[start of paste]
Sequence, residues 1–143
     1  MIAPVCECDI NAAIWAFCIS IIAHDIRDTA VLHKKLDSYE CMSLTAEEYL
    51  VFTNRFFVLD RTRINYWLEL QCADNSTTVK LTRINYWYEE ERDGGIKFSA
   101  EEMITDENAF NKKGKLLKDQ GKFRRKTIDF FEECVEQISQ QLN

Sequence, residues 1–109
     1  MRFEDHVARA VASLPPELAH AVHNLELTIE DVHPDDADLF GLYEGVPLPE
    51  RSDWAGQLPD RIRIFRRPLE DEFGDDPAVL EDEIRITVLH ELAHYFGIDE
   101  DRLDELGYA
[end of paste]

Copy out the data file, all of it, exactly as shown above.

Sequence, residues 1–143
     1  MIAPVCECDI NAAIWAFCIS IIAHDIRDTA VLHKKLDSYE CMSLTAEEYL
    51  VFTNRFFVLD RTRINYWLEL QCADNSTTVK LTRINYWYEE ERDGGIKFSA
   101  EEMITDENAF NKKGKLLKDQ GKFRRKTIDF FEECVEQISQ QLN

Sequence, residues 1–109
     1  MRFEDHVARA VASLPPELAH AVHNLELTIE DVHPDDADLF GLYEGVPLPE
    51  RSDWAGQLPD RIRIFRRPLE DEFGDDPAVL EDEIRITVLH ELAHYFGIDE
   101  DRLDELGYA